Interaspa reflects gloomy German asparagus campaign

The German asparagus market lacks dynamism, leaving the sector with concerns about the future.
Sat 25/11/2023 by Clara Bernaud

Attendance at Interaspa, a show dedicated to asparagus and berries in Sandhatten in Germany, is in sharp decline. Show director Fred Eickhorst said that this is the case with many agricultural events in the region. The sector is doing poorly, continuing the downward trend from the previous season, with a deflated market amidst spiralling production costs. Labour in particular represents a significant burden for German producers while the minimum wage continues to increase in the country. Bank interest rates are also rising, making it more difficult to invest to renew crops on German farms. In addition, producers are also encountering difficulties in handing down their activity to younger generations along the Rhine. So, the climate is far from calm, given all the uncertainties concerning the future of the German sector.

French campaign in sharp contrast to its neighbour’s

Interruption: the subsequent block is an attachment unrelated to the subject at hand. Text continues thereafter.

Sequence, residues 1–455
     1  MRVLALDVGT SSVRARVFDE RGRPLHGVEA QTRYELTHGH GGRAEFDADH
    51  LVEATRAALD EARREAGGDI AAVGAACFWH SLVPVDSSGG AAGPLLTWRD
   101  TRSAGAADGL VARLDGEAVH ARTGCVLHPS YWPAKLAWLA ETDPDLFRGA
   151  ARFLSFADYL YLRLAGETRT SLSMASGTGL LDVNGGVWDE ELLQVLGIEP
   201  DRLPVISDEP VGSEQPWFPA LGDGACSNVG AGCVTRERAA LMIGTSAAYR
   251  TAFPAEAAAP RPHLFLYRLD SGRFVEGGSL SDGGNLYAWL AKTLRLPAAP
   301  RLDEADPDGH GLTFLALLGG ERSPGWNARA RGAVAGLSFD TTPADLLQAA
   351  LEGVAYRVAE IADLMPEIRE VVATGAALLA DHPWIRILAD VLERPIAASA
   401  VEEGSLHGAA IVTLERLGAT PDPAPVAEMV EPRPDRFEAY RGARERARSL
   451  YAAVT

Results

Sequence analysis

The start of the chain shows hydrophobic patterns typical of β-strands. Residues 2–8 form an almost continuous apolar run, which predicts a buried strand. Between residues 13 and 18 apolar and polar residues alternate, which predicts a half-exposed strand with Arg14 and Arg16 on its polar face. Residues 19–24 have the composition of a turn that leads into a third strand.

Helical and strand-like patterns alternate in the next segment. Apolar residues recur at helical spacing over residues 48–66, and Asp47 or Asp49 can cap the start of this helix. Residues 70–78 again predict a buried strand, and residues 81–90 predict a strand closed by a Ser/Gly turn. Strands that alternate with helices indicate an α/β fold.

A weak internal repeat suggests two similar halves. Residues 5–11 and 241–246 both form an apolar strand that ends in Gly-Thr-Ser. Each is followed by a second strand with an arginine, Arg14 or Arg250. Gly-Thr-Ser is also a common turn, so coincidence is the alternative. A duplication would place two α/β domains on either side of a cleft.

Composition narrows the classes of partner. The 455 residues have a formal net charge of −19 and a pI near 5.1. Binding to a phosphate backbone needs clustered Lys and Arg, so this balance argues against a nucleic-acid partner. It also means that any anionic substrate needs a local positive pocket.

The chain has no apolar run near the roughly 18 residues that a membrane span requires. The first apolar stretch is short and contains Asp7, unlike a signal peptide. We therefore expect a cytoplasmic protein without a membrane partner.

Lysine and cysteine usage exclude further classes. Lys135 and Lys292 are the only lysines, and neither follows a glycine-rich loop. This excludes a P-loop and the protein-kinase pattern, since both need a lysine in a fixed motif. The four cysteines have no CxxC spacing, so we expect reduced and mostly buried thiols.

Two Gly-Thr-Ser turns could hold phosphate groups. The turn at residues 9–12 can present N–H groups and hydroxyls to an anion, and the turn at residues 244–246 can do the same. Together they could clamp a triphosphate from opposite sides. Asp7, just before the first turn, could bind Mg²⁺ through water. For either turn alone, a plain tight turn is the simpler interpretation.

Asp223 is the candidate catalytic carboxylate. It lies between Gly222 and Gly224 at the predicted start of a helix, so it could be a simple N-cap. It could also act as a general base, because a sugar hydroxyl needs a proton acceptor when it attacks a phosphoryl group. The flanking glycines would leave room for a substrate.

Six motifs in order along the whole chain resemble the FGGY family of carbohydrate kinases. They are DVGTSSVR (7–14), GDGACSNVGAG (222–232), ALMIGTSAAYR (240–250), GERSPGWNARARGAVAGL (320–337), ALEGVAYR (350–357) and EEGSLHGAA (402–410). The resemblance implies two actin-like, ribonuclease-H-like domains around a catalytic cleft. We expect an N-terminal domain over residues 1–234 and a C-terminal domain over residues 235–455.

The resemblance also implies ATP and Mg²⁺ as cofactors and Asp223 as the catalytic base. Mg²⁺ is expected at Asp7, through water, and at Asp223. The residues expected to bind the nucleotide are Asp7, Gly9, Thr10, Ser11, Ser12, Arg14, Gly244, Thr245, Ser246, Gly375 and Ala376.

The 2023 German campaign saw volumes drop slightly, in line with the trend from the previous campaign, with stable prices, although price disparities were observed in different German regions. The climate remains gloomy for German producers walking the show’s aisles. By contrast, the French 2023 asparagus campaign went well, despite average sale prices over the season being identical to those registered in 2022 and production costs jumping again (+15%). However, French production is in currently going through a different phase from German production. The French asparagus sector is now stable after a period of drastic decline in surface area, and benefits from a dynamic domestic market. The German asparagus market, for its part, is a price-driven market. Experts from the sector advocate educating German consumers so that the share of household income allocated to food will rise from its current level in Germany of only 11% to closer to the 14% it is in France (Sources: Eurostat 2018; INSEE 2021).


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